Spillers has set up an online quiz for horse owners and riders to test how accurate they assess a horse or pony’s body condition score.

The quiz shows 15 images of different equines of varying sizes, breeds and weights. You then select whether you think each horse is poor (1-1.5), very thin (2-2.5), thin (3-3.5), moderately thin (4-4.5), moderate (5-5.5), moderate to fleshy (6-6.5), fleshy (7-7.5), fat (8-8.5) or extremely fat (9).

Correct answers and a score out of 15 is shown at the end of the quiz.

A statement from Spillers said the feed manufacturer wants to help “horse owners get their eye in” in a bid to battle the ongoing problem of equine obesity.

Obesity is a major welfare issue for horses and ponies, not only because of the direct weight-associated effects, but also due to the increased risk it poses for certain clinical conditions, in particular laminitis.

While touch is a key part of body condition scoring, the statement added that it is also very useful to learn how to make an assessment just by eye. 

“These days, when we are exposed to so many images of horses and ponies on social media, it’s good to know if you can spot an overweight horse from a photo alone,” said Clare Barfoot RNutr, marketing and research and development director at Mars Horsecare UK, home of the Spillers brand.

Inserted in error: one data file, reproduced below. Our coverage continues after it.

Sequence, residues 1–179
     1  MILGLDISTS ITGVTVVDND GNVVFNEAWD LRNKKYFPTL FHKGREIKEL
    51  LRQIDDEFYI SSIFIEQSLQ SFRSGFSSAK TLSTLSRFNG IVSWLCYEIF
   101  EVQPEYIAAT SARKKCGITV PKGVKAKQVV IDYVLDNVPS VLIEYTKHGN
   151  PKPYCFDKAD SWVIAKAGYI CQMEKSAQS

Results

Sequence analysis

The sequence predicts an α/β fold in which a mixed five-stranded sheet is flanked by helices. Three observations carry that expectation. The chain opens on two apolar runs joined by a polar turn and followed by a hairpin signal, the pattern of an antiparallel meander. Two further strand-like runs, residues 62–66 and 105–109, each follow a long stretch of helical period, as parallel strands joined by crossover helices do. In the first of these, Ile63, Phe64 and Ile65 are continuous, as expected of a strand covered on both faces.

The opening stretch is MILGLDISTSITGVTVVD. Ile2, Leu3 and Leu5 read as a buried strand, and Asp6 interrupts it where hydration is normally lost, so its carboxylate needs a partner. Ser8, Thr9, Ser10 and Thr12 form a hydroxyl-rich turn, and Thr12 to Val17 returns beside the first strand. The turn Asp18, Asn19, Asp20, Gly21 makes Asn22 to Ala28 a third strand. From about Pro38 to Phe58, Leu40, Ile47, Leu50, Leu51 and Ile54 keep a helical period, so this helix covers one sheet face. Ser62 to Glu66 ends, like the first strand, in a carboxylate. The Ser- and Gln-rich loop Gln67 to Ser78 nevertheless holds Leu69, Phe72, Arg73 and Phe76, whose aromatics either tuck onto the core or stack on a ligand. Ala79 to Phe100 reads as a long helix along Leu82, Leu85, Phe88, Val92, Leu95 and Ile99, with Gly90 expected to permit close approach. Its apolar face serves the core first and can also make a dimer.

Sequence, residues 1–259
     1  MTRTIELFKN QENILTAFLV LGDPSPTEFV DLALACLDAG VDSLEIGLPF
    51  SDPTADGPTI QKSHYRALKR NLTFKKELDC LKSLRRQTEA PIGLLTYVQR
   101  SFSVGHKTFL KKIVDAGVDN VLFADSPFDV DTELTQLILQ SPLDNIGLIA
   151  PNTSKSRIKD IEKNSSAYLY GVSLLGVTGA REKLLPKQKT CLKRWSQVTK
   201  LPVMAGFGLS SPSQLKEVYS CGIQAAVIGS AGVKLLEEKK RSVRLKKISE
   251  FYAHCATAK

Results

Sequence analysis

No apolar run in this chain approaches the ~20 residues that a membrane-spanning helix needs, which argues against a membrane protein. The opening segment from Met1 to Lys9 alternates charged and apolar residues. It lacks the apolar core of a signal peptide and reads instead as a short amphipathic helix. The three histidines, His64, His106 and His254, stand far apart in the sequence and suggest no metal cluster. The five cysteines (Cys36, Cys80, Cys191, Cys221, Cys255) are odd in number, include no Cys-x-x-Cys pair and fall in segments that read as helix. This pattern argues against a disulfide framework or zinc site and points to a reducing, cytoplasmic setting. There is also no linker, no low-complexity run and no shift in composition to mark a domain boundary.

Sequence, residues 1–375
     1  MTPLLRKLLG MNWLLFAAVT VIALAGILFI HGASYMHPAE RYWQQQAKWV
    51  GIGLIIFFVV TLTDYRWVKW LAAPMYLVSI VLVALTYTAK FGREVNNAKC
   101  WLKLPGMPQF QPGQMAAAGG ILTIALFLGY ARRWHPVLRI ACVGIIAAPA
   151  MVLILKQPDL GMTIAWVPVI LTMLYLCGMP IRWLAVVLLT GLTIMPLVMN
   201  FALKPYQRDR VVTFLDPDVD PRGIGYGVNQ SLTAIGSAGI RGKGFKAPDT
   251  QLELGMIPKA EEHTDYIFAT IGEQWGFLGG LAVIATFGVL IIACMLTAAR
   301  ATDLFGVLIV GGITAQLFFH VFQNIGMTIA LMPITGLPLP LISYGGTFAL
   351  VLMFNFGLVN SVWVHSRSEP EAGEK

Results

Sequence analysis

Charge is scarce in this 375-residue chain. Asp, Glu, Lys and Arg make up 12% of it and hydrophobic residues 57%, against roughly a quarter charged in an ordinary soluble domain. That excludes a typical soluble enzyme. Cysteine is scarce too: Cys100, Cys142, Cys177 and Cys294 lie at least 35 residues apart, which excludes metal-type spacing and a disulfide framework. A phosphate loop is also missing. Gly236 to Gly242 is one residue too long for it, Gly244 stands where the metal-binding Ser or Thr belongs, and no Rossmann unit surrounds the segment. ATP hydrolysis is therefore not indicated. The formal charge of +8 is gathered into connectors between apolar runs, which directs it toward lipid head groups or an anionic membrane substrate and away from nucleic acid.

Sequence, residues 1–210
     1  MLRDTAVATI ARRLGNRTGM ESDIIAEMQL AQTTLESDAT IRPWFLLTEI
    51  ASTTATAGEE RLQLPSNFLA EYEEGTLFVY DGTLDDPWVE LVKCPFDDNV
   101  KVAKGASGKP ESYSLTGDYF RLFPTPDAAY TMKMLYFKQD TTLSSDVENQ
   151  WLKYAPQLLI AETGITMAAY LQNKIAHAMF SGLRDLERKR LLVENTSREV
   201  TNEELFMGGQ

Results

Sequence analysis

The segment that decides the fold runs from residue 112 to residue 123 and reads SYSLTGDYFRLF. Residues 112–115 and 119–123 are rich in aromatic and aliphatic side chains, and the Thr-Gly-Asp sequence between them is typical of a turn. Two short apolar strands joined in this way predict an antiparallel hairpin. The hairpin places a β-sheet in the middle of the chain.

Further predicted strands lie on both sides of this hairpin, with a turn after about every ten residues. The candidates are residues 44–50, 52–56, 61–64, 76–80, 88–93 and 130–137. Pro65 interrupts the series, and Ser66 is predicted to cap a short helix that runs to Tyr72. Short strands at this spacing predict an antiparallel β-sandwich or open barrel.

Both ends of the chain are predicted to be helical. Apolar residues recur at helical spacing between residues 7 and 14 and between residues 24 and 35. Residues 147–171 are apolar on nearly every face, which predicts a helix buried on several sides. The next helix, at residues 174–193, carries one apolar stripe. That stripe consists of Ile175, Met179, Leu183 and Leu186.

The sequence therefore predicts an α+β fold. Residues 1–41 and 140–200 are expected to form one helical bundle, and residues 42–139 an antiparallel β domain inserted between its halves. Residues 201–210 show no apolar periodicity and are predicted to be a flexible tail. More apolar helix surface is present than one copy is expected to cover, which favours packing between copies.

“Being able to spot an overweight horse is important as a first step in tackling the welfare issues that obesity presents our equines.”


Related to this…


‘Is overweight normal?’

Body condition scoring is a method of practically assessing the level of fat covering several areas of the horse or pony’s body. The assessment is made by eye and by touch using a numerical grading system.

Spillers’ quiz uses the 1-9 scale based on the method developed by Henneke et al (1993), but there are other scales available. 

“With so many horses and ponies in the UK carrying a few extra pounds, the question is — have we normalised overweight horses?” added Clare.

We have designed our test to help you assess your ability to spot an overweight horse and ‘get your eye in’ on what constitutes a healthy weight.”

Take the test now.

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